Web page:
• John Albeck, a graduate student in biology, and Laura Sontag, a graduate student in Computational and Systems Biology (CSBi), observe how a protein behaves using a technique called live cell microscopy. The new CSBi program blends biology, engineering and computer science.

    Photo / Donna Coveney

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Computational and Systems Biology program is first of its kind in U.S.

Students in MIT's newest Ph.D. program are going where no students have gone before. In September, MIT launched its graduate program in Computational and Systems Biology, the first of its kind in the country.

The first four students matriculated this fall into the interdisciplinary program at the interface of biology, engineering and computer science.

"We get to be the trailblazers," said graduate student Sabrina Spencer, whose impressive credentials include an undergraduate degree from George Washington University, a master's degree in human genetics from the University of Michigan, and extensive work in cancer biology. The other three students are Laura Sontag, who has a degree in mathematics and biomathematics; Alexander Mallet, who has a computer science degree; and Grace Zheng, who holds a degree in biology and computer science.

These graduate students will conduct research under the joint supervision of Computational and Systems Biology Initiative (CSBi) faculty from different disciplines in science and engineering. The plan is for the graduates to use their training in computational modeling and systematic experimentation, and their ability to think both at the molecular and systems levels to tackle challenging problems in complex biological research.

"True progress in understanding complex biological phenomena will require new insights from a systems perspective, using tools and concepts from engineering and computer science," said Bruce Tidor, associate professor of bioengineering and computer science and chair of the CSB Graduate Program Committee.

"To make this come about, we need to build a strong multidisciplinary community at the interface of biology, engineering and computation. We also need to educate a new breed of researchers that will thrive at this interface," said Tidor.

Students will take foundational classes in modern biology, computational biology, experimental approaches and computer algorithms, and perform a literature-based inquiry into the emerging field of computational and systems biology. They also will make rotations in research groups to gain a deeper appreciation for work at the frontier of this field. Core classes will be supplemented by advanced electives in science and engineering to enhance the breadth and the depth of education.

The new approach emphasizes the functional behavior of collections and builds on the more traditional approach of studying the roles of components. As such, the focus moves from individual players to the concerted effect of networks and pathways leading to biological complexity.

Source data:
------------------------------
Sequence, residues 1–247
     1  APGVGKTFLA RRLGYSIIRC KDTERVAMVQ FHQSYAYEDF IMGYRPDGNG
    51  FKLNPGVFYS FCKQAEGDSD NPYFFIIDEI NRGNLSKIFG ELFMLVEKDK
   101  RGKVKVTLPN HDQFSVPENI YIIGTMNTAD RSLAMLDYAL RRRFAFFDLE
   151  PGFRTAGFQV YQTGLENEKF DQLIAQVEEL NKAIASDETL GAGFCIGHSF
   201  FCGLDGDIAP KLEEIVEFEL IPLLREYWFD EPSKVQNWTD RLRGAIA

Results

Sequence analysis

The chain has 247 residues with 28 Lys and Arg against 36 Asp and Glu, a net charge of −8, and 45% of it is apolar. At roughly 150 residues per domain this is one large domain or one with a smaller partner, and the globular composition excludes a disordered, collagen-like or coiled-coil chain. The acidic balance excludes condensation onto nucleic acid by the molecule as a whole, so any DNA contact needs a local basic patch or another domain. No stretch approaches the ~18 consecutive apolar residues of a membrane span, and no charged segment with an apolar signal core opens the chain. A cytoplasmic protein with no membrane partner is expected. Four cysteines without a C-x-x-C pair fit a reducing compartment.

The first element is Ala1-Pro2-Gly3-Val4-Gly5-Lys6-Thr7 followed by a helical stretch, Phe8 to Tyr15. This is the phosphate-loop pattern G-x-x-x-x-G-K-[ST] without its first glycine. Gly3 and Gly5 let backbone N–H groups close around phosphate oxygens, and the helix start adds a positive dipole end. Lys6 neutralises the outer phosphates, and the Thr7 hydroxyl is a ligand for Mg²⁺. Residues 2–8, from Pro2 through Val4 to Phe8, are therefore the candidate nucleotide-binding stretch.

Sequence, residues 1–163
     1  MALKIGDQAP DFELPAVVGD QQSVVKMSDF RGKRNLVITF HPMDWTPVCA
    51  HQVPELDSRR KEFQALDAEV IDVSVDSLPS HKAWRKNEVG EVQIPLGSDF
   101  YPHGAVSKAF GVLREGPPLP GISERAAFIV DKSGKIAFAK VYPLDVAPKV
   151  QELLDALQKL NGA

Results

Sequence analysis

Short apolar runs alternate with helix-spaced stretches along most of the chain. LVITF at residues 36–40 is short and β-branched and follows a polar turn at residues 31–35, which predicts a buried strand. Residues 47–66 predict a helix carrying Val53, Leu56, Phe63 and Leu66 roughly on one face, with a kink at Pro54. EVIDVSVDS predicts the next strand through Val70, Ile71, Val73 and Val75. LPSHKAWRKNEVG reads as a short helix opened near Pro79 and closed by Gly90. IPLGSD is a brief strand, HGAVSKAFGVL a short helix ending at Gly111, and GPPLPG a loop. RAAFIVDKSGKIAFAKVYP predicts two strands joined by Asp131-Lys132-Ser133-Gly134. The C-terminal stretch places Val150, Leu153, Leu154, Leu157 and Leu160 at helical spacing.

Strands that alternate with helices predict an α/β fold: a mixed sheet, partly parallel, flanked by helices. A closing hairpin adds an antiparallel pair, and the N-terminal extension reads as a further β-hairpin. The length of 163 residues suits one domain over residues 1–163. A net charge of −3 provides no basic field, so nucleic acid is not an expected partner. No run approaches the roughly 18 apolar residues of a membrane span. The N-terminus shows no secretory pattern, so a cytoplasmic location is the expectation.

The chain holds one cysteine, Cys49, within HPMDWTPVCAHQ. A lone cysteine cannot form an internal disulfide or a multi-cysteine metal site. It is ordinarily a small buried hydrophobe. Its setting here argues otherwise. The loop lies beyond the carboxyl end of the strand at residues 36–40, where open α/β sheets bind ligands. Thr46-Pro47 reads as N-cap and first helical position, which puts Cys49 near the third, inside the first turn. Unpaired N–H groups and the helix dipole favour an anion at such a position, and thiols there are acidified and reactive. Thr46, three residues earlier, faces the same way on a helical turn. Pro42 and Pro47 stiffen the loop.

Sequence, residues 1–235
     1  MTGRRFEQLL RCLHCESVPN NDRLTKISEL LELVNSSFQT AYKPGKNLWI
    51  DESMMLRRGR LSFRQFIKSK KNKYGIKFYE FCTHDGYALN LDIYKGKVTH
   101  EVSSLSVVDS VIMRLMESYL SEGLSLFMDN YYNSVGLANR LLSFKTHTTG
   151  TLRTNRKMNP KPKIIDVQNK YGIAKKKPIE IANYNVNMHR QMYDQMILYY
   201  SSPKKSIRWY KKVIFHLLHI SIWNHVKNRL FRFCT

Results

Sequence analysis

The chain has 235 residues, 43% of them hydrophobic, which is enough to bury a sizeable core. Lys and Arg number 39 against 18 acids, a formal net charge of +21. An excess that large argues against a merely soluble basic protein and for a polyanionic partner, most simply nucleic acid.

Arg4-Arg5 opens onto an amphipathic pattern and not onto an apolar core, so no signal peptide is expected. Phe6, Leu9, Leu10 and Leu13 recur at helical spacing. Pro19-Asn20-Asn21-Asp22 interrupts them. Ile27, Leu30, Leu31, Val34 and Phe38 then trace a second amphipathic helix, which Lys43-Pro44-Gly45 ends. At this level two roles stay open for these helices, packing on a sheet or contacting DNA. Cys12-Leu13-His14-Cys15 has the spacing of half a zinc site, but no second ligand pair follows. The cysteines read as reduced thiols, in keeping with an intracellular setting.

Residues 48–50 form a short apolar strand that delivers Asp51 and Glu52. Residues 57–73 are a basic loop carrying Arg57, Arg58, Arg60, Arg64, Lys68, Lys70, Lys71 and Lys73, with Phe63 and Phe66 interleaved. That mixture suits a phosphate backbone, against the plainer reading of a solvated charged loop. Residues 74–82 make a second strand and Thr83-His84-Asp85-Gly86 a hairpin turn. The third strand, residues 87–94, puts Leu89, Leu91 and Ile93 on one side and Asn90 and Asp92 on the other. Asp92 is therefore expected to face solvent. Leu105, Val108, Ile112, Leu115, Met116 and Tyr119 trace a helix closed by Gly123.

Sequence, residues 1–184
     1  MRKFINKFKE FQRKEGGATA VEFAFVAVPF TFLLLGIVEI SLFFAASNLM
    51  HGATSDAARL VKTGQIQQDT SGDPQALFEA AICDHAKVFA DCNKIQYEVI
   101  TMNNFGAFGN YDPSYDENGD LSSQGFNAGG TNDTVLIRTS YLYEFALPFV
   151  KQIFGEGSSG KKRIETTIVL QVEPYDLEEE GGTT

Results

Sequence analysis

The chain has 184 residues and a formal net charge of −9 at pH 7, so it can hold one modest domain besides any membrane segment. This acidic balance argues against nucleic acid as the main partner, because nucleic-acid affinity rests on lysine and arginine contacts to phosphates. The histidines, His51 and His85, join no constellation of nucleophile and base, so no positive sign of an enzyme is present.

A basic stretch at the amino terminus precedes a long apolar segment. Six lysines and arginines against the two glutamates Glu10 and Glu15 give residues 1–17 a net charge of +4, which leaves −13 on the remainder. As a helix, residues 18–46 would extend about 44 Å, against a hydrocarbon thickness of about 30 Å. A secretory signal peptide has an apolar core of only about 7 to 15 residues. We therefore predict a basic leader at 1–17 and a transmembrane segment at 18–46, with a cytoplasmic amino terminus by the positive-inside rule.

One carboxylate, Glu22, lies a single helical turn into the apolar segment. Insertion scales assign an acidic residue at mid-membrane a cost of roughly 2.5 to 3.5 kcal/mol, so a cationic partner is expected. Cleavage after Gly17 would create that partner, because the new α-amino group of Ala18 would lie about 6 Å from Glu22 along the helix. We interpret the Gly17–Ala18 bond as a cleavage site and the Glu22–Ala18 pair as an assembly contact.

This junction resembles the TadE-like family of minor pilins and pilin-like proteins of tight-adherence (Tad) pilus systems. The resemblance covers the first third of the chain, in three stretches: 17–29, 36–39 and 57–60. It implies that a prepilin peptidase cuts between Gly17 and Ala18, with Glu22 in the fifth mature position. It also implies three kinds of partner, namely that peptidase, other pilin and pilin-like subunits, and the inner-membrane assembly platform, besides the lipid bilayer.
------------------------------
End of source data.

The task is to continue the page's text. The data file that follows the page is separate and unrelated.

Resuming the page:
"It's like zooming out as opposed to in," explained Spencer. "If you only study biological systems using a reductionist approach and look only at very small pieces of the whole puzzle, you might miss the larger dynamics of what is going on."

The integrative and interdisciplinary nature of the curriculum fits with National Institutes of Health (NIH) educational priorities. The NIH launched a series of new initiatives under the NIH Roadmap aimed at encouraging interdisciplinary research and education, including a five-year, $16 million research grant to CSBi.

This fall, NIH awarded CSBi another grant, a five-year training grant for $3 million to support students in the Ph.D. program, involving Tidor as the principal investigator and 18 other engineering and science faculty who teach core courses in the new program.

Interestingly, many of the faculty had to invent novel programs to train themselves for careers as interdisciplinary researchers. For instance, Amy Keating did undergraduate work in physics, carried out both her Ph.D. and postdoctoral research under the joint supervision of an experimentalist and a theorist, and is now an assistant professor of biology using experiment and theory to study protein-protein interaction networks. Joel Voldman was trained as an electrical engineer but did postdoctoral work at Harvard Medical School in stem cell differentiation to prepare for a career developing new BioMEMS devices to probe cellular function. He is currently an assistant professor in electrical engineering and computer science.

"The CSBi doctoral program continues MIT's long tradition of pioneering graduate education in new interdisciplinary fields," said Provost Robert A. Brown. "CSBi is a critical part of MIT's activities at the interface between biology, engineering, physical science and mathematics."

A version of this article appeared in MIT Tech Talk on October 27, 2004 (download PDF).

Topics: Bioengineering and biotechnology, Computer science and technology



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